Nottinghamshire Police criticised over girl gun accident injury
The public should have been told sooner after a seven-year-old girl was injured when an officer accidentally fired a gun, a police and crime panel chairman has said.
She was hit in the face by an empty cartridge from what is believed to have been an assault rifle on 30 October.
The Nottingham Post newspaper claimed police only released a statement after they made enquiries about the incident.
Both the IPCC and Nottinghamshire Police said they were investigating.
The girl, from Worksop, was injured while a group of children and parents were being shown specialist police services at Sherwood Lodge, near Hucknall, after they won a local prize.
The officer accidentally fired a shot into the ground, police said.
Panel chairman Tony Egginton called on Nottinghamshire Police's Chief Constable, Chris Eyre, to make a statement and called the week-long delay "alarming".
"The concern is that if we are an open transparent organisation, which I think we are and hope we continue to be, the public should have full access and knowledge about what's happening. It just throws a question under it," he said.
He said the incident will be discussed at a panel meeting on Monday.
A former police firearms officer, who did not want to be named, said the weapon was likely to have been a Heckler & Koch G36C which is used by police forces across the UK.
"It's a semi-automatic and it spits out the cartridge quickly sideways and can [hurt someone] in the wrong place.
"It's likely she would have been close [to the gun to cause injury]."
A shell from a pistol would usually "loop" into the air and was unlikely to cause injury, he explained.
Heckler and Koch G36
The G36 semi-automatic assault rifle is manufactured by Heckler and Koch and was designed for the German armed forces.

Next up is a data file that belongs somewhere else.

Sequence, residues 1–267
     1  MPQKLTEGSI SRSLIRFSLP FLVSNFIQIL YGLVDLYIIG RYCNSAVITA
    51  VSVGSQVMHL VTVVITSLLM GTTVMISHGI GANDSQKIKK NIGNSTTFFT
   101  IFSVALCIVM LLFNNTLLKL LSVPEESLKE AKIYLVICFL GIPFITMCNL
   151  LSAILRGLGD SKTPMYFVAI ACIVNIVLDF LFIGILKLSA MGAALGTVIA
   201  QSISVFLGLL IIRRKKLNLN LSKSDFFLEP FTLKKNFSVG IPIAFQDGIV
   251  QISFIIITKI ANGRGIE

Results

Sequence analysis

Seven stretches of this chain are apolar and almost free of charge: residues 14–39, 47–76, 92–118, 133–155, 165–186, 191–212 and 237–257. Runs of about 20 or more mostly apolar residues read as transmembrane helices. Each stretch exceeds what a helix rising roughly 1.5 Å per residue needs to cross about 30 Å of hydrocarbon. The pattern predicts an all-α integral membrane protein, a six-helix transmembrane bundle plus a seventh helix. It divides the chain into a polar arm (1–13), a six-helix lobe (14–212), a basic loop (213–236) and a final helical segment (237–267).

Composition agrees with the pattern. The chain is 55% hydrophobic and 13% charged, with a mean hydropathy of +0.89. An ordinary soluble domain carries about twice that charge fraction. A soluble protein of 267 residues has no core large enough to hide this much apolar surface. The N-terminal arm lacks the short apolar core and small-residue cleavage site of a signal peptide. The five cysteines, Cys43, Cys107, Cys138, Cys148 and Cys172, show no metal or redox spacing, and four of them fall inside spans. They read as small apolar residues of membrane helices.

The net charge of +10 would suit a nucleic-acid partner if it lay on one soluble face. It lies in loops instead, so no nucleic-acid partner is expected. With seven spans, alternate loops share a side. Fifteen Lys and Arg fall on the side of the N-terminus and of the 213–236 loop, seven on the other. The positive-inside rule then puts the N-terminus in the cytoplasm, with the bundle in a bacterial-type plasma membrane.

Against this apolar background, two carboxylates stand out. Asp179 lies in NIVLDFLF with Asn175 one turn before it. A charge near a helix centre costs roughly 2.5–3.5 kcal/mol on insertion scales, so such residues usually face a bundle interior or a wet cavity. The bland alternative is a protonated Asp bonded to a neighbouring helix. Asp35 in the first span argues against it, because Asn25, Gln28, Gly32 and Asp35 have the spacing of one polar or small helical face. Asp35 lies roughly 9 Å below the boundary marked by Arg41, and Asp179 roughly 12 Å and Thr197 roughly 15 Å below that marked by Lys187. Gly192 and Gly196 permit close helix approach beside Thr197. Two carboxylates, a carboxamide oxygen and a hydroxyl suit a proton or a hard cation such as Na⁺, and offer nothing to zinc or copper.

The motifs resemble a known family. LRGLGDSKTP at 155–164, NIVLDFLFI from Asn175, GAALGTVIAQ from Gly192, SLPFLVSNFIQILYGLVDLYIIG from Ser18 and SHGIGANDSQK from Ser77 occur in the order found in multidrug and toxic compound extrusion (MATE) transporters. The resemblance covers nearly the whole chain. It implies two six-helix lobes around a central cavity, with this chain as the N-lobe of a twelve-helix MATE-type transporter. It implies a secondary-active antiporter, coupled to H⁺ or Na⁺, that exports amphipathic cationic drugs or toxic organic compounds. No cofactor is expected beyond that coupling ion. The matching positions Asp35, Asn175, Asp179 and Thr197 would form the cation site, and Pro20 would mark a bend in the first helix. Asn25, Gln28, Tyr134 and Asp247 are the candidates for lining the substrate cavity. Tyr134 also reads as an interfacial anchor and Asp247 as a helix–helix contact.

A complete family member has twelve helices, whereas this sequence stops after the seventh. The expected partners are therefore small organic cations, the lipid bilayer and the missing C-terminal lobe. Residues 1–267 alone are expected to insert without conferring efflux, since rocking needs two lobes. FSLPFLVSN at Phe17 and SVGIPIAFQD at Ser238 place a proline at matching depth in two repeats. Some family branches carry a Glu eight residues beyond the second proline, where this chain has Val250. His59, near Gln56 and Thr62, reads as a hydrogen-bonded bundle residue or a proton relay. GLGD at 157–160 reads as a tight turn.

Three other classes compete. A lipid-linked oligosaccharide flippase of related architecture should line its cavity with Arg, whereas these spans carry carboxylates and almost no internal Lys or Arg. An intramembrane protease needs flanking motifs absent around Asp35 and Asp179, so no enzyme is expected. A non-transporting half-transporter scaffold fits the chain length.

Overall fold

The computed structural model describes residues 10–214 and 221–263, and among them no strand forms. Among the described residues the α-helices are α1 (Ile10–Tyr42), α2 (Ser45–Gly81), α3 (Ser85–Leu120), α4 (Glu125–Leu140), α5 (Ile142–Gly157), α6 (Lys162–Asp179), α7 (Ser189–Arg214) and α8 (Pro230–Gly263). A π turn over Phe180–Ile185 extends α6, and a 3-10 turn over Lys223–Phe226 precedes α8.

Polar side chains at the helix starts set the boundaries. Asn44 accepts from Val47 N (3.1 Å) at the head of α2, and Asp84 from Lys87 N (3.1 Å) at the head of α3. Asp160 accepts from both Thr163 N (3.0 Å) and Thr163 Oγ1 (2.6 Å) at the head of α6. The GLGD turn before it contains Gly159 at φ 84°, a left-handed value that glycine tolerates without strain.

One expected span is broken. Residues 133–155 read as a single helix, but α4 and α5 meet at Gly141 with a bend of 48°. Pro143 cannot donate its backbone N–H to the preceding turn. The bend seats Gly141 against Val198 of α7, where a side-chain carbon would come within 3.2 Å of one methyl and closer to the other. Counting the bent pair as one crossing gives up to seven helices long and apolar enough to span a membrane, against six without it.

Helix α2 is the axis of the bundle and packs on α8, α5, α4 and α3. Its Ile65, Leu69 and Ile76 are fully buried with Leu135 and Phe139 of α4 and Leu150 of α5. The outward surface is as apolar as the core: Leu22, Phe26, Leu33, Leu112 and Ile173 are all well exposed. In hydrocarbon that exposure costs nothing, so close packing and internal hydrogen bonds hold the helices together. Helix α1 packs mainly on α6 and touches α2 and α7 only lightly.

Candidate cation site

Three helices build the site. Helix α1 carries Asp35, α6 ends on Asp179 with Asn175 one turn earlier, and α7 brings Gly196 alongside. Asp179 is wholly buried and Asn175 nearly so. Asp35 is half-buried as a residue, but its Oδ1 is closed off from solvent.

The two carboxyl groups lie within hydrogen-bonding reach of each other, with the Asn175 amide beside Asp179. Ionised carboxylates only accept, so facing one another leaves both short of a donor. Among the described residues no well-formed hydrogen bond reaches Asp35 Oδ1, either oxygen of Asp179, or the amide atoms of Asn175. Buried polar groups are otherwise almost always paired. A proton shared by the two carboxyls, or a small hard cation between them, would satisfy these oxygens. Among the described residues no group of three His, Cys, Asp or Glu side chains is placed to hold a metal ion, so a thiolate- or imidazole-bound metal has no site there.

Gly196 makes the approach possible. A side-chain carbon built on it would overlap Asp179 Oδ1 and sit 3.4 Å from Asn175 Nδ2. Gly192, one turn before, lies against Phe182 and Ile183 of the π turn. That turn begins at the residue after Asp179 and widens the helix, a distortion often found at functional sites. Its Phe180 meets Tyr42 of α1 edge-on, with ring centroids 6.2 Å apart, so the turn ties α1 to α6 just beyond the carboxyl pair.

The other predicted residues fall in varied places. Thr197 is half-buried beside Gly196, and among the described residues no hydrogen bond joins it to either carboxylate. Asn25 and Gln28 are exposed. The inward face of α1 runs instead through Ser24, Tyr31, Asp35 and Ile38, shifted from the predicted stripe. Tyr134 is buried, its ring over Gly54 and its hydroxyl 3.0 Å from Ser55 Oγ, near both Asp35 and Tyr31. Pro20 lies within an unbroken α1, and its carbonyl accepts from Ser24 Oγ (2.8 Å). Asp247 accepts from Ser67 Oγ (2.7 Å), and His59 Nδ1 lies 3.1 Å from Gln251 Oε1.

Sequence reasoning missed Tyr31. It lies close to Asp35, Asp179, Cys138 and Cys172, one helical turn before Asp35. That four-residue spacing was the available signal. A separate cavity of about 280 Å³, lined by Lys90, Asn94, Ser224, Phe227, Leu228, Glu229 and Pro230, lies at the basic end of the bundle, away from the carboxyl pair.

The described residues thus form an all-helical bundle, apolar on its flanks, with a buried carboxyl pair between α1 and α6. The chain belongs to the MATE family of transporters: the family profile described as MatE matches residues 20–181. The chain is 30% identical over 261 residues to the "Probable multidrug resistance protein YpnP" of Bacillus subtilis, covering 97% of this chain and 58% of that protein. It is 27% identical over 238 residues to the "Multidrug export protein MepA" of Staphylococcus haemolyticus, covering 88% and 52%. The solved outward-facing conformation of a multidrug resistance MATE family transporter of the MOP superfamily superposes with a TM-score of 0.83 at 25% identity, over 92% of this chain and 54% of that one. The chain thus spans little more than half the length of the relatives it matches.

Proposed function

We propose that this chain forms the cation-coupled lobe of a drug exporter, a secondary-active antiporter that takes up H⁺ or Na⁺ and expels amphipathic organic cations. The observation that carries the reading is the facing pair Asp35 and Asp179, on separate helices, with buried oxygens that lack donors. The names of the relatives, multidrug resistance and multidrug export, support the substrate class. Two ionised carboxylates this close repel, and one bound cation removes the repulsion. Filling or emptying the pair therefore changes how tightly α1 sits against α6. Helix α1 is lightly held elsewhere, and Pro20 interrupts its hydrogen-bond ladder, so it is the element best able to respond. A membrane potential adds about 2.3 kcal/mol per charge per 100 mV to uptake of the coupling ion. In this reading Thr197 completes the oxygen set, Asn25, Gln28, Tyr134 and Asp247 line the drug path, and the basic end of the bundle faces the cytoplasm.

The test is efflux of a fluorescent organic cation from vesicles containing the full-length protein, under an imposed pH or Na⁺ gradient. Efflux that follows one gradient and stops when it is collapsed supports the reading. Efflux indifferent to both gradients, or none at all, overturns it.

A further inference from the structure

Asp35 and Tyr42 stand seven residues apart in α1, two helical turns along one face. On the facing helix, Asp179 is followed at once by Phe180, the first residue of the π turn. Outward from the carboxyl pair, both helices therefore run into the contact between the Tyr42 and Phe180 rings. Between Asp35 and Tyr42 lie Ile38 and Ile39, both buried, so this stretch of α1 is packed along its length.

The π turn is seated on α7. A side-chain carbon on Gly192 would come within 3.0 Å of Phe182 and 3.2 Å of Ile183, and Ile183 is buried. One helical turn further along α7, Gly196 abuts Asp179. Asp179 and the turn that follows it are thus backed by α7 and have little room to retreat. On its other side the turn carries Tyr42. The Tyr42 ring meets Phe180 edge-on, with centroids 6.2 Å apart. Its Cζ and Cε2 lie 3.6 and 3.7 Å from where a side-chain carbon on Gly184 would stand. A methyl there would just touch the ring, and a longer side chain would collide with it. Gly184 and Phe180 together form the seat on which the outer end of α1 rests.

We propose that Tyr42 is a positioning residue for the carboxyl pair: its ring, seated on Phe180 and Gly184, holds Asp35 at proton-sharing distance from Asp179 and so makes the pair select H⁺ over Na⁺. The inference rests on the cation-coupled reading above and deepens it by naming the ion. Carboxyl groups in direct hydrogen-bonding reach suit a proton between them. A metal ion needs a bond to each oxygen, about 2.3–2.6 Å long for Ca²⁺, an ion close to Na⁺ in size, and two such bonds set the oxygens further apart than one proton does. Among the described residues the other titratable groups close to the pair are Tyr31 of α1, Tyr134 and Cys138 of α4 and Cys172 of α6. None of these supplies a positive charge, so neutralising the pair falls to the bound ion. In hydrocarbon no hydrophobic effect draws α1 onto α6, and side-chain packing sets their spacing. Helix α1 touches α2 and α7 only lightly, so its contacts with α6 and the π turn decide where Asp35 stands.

According to the manufacturer's website, it is used by infantry in several countries as well as special forces and security services.
Heckler and Koch said it is made of glass fibre reinforced plastic making it lightweight.
The weapon also features in popular video game Call of Duty.
A Nottinghamshire Police spokesman would only confirm that the gun was a police-issued weapon and said although children do handle firearms at events like these, no child had done on 30 October.
The force also responded to concerns about why it took a week to release information regarding the incident.
Its statement said: "As the incident took place inside police headquarters, there were no further witnesses sought in connection with this.
"All communications with the affected families and wider public have been proportionate to that fact and the force has been in regular contact with the injured girl since the incident."
The Independent Police Complaints Commission has confirmed to the BBC it will investigate the incident.
John Mann, MP for Bassetlaw, said there had been a "cultural failure" over basic procedures involving weapons.
However, the firearms expert and former officer said: "If that was the case it would happen every day.
"Something has gone wrong and a child has been hurt, it's a gross mistake but an isolated incident. The cop involved will be in bits."
Paddy Tipping, Nottinghamshire Police and Crime Commissioner, said on Thursday he was "shocked" by the incident and had been assured it would never happen again.
Mr Tipping also said the officer involved was a fully-trained firearms officer but was not currently on firearms duties, pending the outcome of the investigation.